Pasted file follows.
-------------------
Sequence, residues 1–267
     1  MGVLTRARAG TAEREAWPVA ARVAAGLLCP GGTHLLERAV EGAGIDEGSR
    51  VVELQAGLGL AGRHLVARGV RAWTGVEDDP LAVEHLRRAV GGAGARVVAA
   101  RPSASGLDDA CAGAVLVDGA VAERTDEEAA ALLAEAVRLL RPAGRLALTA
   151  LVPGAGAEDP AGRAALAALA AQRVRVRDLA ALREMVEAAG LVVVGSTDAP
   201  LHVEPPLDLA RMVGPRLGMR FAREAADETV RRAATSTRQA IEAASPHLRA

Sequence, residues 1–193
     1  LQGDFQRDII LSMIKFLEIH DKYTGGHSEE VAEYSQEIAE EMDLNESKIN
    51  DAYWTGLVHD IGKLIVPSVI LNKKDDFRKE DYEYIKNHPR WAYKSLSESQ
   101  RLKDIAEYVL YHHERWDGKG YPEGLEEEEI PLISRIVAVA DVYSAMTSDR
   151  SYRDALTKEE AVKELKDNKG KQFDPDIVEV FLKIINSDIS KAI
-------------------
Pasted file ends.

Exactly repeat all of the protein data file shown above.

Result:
Sequence, residues 1–267
     1  MGVLTRARAG TAEREAWPVA ARVAAGLLCP GGTHLLERAV EGAGIDEGSR
    51  VVELQAGLGL AGRHLVARGV RAWTGVEDDP LAVEHLRRAV GGAGARVVAA
   101  RPSASGLDDA CAGAVLVDGA VAERTDEEAA ALLAEAVRLL RPAGRLALTA
   151  LVPGAGAEDP AGRAALAALA AQRVRVRDLA ALREMVEAAG LVVVGSTDAP
   201  LHVEPPLDLA RMVGPRLGMR FAREAADETV RRAATSTRQA IEAASPHLRA

Sequence, residues 1–193
     1  LQGDFQRDII LSMIKFLEIH DKYTGGHSEE VAEYSQEIAE EMDLNESKIN
    51  DAYWTGLVHD IGKLIVPSVI LNKKDDFRKE DYEYIKNHPR WAYKSLSESQ
   101  RLKDIAEYVL YHHERWDGKG YPEGLEEEEI PLISRIVAVA DVYSAMTSDR
   151  SYRDALTKEE AVKELKDNKG KQFDPDIVEV FLKIINSDIS KAI